A Meal for All Time
“Here, O my Lord, I see You face to face…here I will grasp with firmer hands Your grace” (Horatius Bonar, 1808-89).
Read Exodus 12:1-30
Scripture taken from the Holy Bible, NEW INTERNATIONAL VERSION. Copyright © 1973, 1978, 1984 International Bible Society. All rights reserved throughout the world. Used by permission of International Bible Society.
“We come to the Lord’s Table to affirm the new covenant in his blood and claim our forgiveness and new life” (Lloyd John Ogilvie).
The final confrontation with Pharaoh has taken place (ch. 11), and freedom is imminent. The people of Israel have to prepare in expectant faith. Details for that first Passover night are combined with instructions for later annual commemoration: killing the lamb (3-6,21), spreading its blood on doorposts (7,22), roasting (not the slower boiling), quick eating while dressed for a speedy departure (8-11), with no time for bread made with yeast (8,17-20,39). Future generations were to remember the deliverance that led to entry into the land (25). In re-enactment, the past is brought into the present: the God of the Exodus still delivers his people as they obediently trust him. With communal activity involving all ages, the children ask: “What does this ceremony mean to you?” (26), which requires a personal response.
Jesus joined his disciples in such an annual meal of faith, and they heard of a new exodus as he pointed to his own coming death “for the forgiveness of sins” and a future “with you in my Father’s kingdom” (Matt. 26:26-29). Again, they and we eat looking to the past, living in the present and anticipating the future. Christians celebrate the Lord’s Supper in various ways, but for all there is eating and drinking. Our whole person is involved as Christ’s death and resurrection are brought into present experience with expectant hope, a reminder of what is central to our lives. For Christians, Paul takes the combined Jewish feast of Passover and unleavened bread, and adapts the imagery: “Christ, our Passover lamb, has been sacrificed. Therefore let us keep the Festival, not with the old bread leavened with malice and wickedness, but with the unleavened bread of sincerity and truth” (1 Cor. 5:7,8).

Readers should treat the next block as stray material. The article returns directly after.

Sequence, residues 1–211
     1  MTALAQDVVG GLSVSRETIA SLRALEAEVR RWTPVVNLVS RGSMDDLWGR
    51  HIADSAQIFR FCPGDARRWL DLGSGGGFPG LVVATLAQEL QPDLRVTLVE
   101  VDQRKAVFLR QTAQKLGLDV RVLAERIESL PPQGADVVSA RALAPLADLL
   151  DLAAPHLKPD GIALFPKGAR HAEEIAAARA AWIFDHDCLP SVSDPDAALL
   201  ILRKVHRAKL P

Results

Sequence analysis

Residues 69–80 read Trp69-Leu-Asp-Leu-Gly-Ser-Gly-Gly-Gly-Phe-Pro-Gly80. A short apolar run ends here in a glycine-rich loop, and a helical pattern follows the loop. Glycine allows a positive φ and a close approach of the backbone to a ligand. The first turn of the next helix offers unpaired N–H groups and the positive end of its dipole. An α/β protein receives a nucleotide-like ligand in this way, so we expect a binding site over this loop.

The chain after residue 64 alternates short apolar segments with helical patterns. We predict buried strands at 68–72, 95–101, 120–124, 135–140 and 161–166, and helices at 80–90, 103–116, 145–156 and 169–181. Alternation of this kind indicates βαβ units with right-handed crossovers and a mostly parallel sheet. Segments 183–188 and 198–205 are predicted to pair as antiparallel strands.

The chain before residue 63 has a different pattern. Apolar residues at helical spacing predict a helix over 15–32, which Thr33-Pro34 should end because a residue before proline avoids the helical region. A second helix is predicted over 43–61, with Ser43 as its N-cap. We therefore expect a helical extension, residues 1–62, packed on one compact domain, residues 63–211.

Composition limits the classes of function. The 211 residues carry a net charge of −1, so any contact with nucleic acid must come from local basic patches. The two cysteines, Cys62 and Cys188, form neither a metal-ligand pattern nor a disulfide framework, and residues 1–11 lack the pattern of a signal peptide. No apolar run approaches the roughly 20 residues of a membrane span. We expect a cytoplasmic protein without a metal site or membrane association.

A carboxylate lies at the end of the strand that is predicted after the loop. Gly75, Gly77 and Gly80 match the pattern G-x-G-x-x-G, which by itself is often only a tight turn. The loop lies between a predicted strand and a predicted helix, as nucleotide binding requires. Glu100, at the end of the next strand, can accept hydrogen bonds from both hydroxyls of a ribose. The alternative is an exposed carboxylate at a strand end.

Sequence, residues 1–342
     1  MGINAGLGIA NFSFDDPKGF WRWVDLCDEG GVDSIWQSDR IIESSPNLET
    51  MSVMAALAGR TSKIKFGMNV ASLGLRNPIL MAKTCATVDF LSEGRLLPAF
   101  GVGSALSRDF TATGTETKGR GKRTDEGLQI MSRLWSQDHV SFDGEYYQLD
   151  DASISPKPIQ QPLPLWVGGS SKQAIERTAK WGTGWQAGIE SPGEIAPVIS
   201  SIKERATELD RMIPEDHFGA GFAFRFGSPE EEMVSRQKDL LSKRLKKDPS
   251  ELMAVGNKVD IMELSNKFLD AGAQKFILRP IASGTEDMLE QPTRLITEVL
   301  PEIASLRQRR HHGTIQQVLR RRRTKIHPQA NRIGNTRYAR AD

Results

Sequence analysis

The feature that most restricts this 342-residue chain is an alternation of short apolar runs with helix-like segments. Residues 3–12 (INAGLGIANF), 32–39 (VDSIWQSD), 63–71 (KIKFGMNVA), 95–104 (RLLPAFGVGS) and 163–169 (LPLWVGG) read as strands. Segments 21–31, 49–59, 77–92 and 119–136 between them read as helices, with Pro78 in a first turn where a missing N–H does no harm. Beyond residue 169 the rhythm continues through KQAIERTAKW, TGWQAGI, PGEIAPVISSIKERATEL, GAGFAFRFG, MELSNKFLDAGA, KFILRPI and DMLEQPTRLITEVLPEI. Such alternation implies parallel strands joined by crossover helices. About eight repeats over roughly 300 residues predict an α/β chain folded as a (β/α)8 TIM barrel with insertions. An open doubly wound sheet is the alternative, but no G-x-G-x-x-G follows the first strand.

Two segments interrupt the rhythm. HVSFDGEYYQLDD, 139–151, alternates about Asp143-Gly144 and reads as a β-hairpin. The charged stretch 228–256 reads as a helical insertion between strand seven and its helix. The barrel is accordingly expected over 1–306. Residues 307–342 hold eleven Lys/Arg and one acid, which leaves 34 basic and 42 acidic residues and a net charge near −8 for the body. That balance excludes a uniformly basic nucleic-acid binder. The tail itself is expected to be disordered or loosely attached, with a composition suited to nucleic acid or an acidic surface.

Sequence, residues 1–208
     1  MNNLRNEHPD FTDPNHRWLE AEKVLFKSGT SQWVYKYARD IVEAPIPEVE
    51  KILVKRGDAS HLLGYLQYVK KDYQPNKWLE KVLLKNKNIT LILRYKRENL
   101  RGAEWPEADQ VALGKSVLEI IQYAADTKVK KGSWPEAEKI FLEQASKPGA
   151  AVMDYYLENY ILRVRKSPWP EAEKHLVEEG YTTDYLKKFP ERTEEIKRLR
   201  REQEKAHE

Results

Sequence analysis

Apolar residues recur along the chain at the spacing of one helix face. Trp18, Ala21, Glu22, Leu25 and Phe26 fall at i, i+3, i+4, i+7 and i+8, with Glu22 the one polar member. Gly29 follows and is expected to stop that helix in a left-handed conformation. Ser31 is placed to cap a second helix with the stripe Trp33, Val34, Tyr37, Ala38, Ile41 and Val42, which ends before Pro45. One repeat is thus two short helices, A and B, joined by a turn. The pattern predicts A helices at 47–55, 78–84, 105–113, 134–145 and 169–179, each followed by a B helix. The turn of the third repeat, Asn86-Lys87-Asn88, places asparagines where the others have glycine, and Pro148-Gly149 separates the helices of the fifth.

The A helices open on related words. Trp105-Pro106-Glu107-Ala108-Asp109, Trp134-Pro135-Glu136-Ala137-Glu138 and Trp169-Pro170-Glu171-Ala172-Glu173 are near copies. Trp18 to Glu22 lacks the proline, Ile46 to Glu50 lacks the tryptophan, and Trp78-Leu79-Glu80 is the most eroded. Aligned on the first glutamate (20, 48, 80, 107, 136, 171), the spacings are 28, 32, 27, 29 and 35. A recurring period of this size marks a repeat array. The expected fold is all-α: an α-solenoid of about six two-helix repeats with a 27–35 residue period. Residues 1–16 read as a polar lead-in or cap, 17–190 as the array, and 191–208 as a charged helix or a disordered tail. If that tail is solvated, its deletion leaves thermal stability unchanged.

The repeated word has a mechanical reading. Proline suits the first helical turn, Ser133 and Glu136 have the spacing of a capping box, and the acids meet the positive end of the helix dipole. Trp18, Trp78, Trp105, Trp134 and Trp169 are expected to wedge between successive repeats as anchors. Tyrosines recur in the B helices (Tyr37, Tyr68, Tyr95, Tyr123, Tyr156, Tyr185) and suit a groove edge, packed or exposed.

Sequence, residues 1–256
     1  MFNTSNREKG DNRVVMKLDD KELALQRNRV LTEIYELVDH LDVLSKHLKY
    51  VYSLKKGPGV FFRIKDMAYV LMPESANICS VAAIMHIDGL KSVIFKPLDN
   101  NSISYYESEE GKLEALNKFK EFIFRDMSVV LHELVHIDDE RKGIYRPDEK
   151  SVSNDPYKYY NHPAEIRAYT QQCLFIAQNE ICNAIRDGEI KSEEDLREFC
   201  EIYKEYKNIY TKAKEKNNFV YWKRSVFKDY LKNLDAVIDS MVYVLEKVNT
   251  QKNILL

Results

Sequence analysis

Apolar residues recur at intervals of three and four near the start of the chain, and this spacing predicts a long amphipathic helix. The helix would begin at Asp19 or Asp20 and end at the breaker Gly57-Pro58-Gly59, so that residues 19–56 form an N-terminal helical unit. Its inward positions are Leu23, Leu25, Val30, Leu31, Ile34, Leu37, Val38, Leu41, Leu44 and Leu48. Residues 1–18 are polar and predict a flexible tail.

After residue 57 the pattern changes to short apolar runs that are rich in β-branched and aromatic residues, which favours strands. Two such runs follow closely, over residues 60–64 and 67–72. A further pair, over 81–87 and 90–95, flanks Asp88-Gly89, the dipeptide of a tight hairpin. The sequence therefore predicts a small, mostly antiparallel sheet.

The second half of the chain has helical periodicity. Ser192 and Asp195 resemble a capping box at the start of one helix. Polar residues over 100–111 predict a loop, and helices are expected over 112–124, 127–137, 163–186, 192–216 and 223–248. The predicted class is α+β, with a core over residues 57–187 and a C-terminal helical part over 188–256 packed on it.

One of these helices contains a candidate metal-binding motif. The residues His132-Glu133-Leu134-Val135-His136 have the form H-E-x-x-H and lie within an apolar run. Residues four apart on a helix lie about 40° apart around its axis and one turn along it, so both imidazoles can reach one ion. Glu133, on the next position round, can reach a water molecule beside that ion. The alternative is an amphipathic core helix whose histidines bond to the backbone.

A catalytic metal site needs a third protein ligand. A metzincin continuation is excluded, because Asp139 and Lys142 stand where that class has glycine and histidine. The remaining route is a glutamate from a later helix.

Reflect on your experience of partaking in the Lord’s Supper. How does it give you hope for both the present and for the future?
Loving Father, at Your table You meet me in Your Son, You are host to all my needs, reminding me of the promise of forgiveness and salvation. Thank You.
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